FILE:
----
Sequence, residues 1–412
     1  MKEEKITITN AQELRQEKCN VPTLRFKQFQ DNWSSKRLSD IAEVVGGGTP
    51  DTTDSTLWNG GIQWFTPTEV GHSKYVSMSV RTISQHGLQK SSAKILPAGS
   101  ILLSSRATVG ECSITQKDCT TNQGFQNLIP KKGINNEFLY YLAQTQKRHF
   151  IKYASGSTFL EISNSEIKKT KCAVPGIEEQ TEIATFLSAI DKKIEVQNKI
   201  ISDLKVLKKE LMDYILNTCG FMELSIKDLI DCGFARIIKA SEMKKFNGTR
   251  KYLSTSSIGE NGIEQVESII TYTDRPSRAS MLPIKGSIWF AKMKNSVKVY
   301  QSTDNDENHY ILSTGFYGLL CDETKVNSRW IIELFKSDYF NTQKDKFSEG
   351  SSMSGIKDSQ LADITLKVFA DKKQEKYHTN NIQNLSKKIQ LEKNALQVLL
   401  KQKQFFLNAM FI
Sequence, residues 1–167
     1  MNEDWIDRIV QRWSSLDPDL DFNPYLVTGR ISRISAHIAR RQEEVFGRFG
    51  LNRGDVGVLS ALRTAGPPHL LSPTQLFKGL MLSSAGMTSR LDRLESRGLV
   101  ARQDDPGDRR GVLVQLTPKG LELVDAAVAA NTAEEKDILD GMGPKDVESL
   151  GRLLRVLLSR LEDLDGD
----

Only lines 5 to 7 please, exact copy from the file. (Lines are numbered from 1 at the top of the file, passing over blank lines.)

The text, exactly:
   151  IKYASGSTFL EISNSEIKKT KCAVPGIEEQ TEIATFLSAI DKKIEVQNKI
   201  ISDLKVLKKE LMDYILNTCG FMELSIKDLI DCGFARIIKA SEMKKFNGTR
   251  KYLSTSSIGE NGIEQVESII TYTDRPSRAS MLPIKGSIWF AKMKNSVKVY